MBA Round 2 Applicants: Use This Year-End To-Do List
This post originally appeared on Stacy’s ‘Strictly Business’ MBA blog on U.S. News
The next two months will be “go time” for Round 2 MBA applicants, with numerous deadlines hitting just after the New Year. B-school hopefuls will need to manage their time wisely in order to complete several application components amid the distraction of the upcoming holidays.
Round two is typically the most competitive round, so if you need an assist to organize your time and efforts in these coming weeks, review this end-of-year To Do List for MBA applicants to stay on track and avoid becoming overwhelmed. If you plan ahead and stick to a schedule, you’ll still be able to join your friends and family for all of the celebrations without a shred of guilt for shirking your MBA application duties.
Brainstorming/drafting MBA essays: Since this portion of the application requires the most heavy lifting, allow six weeks—starting now—to draft, redraft, and produce the final edit of your MBA essays. This is the place to show off your individuality, leadership potential, and exactly why you’re b-school material. Applicants from overrepresented industries such as finance, information technology, engineering, or consulting should use the essays to focus on the aspects of your personal life that make you unique: hobbies, community service activities, passions and interests that make you stand out.
Many candidates find it helpful to kick off the essay writing process with rough drafts that go 50% or more above the required word count. While that seems like more work, it ultimately creates a better final product since the revision process helps you distill the best topics or anecdotes to support your overall application.
If you’re targeting a top ten business school and need extra insight about what the admissions committee is looking for, consider using one of SBC’s strategy guides, which analyze the qualities that each school seeks, and help applicants understand which stories to emphasize throughout their materials.
Retake the GMAT: Unless you already scored well enough to exceed your target b-school’s posted average, you might consider retaking the test to improve your score and boost your overall application quality. Though this element is highly individual, you should spend about three weeks of daily study sessions and then retake the exam. However, do not retake the test if you haven’t done any additional preparation.
Applicants often take the test two or more times before seeking a tutor or doing additional practice, hoping to somehow get lucky on the retake. Painful as it is to hear, the only way to substantially raise your score is to master the skills and test-taking strategies they require. A well-planned retake can give you the boost you need to improve your application and clear the path to the business school of your dreams.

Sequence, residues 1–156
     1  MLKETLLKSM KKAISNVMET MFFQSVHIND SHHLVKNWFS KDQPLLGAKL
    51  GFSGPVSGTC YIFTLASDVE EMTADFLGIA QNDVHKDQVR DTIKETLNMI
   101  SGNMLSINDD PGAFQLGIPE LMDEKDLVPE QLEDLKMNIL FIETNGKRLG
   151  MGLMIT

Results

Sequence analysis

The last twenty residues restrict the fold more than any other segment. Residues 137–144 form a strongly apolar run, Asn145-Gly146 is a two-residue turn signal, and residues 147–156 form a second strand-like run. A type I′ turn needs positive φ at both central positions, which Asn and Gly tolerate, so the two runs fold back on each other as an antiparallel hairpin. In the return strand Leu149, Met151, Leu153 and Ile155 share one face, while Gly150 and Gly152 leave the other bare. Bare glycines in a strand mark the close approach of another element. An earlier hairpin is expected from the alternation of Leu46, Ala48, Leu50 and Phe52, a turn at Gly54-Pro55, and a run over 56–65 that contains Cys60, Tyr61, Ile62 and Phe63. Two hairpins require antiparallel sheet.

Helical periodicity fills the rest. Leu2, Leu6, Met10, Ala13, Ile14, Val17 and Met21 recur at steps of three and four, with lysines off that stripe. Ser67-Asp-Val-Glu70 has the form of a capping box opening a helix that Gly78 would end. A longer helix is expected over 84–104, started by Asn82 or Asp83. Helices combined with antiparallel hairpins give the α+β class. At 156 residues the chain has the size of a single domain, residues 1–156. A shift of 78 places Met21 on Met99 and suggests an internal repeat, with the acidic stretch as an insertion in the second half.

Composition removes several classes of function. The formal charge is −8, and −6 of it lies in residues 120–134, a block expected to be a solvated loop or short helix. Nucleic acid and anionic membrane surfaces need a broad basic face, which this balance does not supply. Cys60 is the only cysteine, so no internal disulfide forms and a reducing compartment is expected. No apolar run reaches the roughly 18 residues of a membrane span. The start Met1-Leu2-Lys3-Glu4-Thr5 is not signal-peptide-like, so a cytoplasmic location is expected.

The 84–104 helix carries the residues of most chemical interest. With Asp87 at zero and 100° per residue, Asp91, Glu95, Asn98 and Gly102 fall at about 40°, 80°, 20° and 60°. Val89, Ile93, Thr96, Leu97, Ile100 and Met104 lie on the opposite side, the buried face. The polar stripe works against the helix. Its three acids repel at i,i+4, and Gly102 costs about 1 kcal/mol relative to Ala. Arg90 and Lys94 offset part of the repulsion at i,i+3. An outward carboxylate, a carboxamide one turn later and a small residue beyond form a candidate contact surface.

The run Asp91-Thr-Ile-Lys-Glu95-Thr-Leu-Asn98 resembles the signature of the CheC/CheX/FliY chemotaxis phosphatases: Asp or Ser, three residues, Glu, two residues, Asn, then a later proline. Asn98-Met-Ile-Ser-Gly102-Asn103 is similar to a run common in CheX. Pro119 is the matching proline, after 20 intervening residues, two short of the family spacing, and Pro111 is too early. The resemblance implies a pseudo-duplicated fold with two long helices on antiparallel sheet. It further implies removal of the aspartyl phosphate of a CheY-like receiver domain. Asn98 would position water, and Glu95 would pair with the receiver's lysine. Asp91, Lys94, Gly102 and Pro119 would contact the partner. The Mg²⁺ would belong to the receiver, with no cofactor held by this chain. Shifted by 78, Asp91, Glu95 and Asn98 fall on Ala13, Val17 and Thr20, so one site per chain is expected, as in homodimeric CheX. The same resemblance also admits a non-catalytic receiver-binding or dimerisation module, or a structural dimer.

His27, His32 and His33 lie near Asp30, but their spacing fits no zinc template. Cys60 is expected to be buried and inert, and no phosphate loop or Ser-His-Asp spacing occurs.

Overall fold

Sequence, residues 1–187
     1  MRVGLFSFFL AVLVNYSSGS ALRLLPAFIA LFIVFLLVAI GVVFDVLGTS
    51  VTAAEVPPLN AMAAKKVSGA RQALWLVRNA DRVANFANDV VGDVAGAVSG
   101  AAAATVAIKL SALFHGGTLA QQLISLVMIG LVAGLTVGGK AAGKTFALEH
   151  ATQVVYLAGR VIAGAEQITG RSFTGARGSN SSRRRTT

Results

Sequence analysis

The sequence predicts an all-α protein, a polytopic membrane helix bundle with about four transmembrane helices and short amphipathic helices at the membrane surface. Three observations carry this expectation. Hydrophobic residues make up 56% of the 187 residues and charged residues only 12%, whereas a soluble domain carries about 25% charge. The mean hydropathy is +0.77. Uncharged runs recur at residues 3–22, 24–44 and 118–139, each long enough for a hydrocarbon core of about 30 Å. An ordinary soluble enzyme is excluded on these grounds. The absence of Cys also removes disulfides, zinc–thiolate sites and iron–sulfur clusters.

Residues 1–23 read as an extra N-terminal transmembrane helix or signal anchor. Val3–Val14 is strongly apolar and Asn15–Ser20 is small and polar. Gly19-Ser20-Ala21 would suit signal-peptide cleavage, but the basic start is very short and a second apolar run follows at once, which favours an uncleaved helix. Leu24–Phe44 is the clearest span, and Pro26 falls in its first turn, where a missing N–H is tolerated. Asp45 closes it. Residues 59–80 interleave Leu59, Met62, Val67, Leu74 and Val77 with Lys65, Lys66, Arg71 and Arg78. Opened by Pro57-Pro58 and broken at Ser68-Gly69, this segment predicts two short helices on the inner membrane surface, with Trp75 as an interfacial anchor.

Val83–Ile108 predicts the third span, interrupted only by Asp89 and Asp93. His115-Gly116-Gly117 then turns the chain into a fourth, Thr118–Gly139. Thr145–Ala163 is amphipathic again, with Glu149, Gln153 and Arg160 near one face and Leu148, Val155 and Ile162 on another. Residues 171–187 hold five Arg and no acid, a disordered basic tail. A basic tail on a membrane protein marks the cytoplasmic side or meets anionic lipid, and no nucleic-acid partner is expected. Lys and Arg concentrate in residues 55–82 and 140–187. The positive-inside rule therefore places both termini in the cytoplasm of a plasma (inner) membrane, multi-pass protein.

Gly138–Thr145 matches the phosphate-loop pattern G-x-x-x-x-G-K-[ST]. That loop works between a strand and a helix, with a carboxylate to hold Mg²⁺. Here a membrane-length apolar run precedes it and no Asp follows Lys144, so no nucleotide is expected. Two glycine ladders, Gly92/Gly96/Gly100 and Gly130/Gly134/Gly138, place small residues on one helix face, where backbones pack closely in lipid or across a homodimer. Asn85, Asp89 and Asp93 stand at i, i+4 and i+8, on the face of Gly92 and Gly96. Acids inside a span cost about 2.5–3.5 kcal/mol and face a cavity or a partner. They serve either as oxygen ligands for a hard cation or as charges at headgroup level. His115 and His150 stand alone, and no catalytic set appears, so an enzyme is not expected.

Visit the campus: While not feasible for every applicant, if time permits, schedule your campus visit as early as possible. Most business schools opened their class visit programs in October, and admissions committees usually appreciate it when prospective students take the time to experience the learning environment in person. Ultimately, your visit can go a long way toward fueling your final decision of where to apply, and also supply content for your MBA essays that demonstrates your fit with the program.
Create an MBA Resume: It surprises many MBA candidates when they learn that the current version of their resume is not the best format for business school applications. The person reviewing your MBA application just isn’t looking for the same specifics as a person hiring you for an engineering position or a job in consulting. You’re going to want to spend about one week as a breather between essay writing sessions to do a complete resume overhaul that highlights the aspects that are important to the program.
Rework your MBA resume so that it functions more as a narrative about your career and outside interests, rather than a dry list of responsibilities and achievements. From this document, the admissions committee should clearly understand what sort of work stories you’d be talking about in class, or what sorts of “lessons learned” you’ll be able to speak to from either your professional or community-service experiences.
Prepare for Interviews: Interview season is already underway for round one applicants, and the following advice holds true no matter where you are in the admissions process: once your MBA interview is scheduled, you should spend 30 minutes a day prepping for the exchange.
You can never over-prepare for this all-important event in your journey to b-school; the conversation should move as smoothly as a Viennese waltz —which means no one’s toes get crushed. Pay attention to non-verbal cues, and don’t plow ahead with too much information during the interview, or become mum when a longer response to a question is in order. The interaction during your interview speaks volumes to what type of teammate you’ll be if accepted into the MBA program; make sure you’re sending the right signals.
I hope this rough timeline will keep you on track and sane during these final weeks before we say so long to 2017 and hello to round two. Stay focused and engaged with the process, but make sure to allow some time for fun and celebration, too.